"Often, companies start with the product not really thinking about why someone would want that product"

Jonah Berger, professor at the Wharton School, on why social influence matters in marketing

Published 4 years ago on Jan 19, 2018 7 minutes Read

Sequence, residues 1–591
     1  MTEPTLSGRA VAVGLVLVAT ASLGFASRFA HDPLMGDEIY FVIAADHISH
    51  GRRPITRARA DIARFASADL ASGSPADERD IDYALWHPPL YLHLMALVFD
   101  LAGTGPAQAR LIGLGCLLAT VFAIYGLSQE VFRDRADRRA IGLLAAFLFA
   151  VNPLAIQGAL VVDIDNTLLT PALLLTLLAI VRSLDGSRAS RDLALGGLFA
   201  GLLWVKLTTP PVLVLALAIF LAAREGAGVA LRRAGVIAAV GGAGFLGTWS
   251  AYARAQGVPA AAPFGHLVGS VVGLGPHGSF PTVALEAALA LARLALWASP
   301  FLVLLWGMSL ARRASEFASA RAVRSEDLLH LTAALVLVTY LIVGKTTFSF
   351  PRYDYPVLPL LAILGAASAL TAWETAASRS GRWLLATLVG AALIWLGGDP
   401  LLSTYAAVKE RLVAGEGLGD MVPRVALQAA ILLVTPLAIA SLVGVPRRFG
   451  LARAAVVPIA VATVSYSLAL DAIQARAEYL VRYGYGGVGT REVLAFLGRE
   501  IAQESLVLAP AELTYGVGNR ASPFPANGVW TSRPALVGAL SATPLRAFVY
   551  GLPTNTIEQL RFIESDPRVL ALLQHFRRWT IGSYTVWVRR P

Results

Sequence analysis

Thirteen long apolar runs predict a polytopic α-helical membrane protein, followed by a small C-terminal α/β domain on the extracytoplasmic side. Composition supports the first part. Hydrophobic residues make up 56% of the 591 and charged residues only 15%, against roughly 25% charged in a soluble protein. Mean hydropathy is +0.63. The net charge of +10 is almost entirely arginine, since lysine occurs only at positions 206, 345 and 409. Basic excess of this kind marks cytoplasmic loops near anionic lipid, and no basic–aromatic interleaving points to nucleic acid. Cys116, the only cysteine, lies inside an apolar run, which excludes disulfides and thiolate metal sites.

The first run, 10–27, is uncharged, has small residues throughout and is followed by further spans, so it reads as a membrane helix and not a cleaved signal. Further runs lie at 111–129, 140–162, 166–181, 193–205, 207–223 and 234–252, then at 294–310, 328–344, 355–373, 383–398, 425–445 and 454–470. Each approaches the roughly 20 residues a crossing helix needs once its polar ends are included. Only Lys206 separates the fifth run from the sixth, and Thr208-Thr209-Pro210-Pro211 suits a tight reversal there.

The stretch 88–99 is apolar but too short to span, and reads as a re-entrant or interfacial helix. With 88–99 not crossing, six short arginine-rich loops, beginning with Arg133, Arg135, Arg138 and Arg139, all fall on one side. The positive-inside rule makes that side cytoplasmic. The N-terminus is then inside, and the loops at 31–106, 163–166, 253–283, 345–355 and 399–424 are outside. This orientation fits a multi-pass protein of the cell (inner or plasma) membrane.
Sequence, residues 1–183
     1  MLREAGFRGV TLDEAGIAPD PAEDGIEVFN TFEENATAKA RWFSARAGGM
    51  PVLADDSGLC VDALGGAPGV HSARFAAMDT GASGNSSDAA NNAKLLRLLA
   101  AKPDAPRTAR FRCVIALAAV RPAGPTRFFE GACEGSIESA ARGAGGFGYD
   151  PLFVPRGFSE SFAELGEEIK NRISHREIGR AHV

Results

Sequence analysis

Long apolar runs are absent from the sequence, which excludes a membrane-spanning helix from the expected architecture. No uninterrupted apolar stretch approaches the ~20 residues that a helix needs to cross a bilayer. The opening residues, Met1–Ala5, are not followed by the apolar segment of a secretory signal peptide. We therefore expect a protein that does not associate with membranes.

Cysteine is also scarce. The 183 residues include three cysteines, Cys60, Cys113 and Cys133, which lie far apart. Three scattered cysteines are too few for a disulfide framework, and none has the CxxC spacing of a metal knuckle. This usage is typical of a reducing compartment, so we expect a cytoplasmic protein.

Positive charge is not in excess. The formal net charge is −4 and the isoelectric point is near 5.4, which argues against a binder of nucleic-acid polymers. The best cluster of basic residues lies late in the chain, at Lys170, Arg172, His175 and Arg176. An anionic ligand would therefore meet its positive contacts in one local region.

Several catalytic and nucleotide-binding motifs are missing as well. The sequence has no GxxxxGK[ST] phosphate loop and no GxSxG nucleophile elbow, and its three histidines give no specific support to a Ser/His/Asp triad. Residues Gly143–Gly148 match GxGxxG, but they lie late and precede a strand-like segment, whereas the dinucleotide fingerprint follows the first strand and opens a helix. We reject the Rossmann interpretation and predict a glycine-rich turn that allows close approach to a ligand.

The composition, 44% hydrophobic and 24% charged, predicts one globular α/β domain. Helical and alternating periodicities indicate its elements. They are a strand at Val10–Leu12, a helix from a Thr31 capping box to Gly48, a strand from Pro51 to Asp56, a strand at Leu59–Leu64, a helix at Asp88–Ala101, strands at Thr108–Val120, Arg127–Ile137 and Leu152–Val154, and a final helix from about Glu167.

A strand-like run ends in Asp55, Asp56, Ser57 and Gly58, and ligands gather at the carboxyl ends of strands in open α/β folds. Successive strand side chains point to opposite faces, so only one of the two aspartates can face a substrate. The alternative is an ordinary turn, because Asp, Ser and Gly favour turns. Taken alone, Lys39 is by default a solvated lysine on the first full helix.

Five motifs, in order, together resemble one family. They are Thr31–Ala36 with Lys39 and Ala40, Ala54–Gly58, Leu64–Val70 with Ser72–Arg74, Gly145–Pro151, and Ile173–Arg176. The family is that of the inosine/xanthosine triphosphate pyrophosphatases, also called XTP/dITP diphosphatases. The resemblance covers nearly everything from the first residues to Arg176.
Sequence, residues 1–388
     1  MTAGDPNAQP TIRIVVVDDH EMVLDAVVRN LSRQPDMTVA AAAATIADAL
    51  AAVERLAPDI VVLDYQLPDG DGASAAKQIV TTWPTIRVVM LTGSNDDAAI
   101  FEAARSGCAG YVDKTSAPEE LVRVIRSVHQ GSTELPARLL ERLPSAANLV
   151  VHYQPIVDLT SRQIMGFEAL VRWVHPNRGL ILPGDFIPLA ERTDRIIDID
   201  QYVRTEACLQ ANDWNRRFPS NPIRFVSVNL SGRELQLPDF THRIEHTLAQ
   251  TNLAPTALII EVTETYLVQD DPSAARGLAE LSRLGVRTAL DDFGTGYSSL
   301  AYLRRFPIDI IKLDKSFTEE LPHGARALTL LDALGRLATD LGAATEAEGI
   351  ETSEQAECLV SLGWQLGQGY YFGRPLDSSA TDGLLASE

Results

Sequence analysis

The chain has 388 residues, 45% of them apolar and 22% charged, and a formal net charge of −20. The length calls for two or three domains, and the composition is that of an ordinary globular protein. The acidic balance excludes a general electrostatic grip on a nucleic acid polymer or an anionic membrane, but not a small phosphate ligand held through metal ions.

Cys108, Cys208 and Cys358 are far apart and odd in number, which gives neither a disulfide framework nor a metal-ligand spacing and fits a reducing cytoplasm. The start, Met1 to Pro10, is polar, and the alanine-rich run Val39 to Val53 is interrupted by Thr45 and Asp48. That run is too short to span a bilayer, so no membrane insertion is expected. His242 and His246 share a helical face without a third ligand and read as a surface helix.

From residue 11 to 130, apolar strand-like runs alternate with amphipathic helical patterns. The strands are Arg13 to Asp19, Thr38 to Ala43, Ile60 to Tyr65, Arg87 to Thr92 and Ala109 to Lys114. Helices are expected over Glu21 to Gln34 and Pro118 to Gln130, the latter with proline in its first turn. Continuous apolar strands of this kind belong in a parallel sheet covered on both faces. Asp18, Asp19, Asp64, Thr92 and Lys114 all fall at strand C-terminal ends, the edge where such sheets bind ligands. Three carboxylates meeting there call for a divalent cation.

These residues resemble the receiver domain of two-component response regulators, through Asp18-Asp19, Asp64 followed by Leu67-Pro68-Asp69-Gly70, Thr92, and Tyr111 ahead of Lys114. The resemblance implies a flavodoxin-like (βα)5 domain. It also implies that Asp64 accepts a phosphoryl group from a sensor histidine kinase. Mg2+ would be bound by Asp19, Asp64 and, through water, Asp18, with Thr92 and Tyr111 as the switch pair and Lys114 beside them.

Getting things to go viral is every marketing or campaign manager’s Holy Grail. The idea is to ensure brand awareness and get maximum bang for the buck. Human behaviour though is hard to predict and, hence, the resources at one’s disposal cannot guarantee that outcome. Yet there are umpteen examples of unlikely things or unexpected campaigns going viral. Jonah Berger, who is a marketing professor at the Wharton School of the University of Pennsylvania, has studied the phenomenon over the years and has figured out why some things go viral and some don’t. His insights have been captured in two books, Contagious, and, Invisible Influence. Berger believes that marketing managers can indeed work on making a campaign viral by focusing on the right variables. In this interview with N Mahalakshmi and Rajesh Padmashali, he explains the how and why behind viral campaigns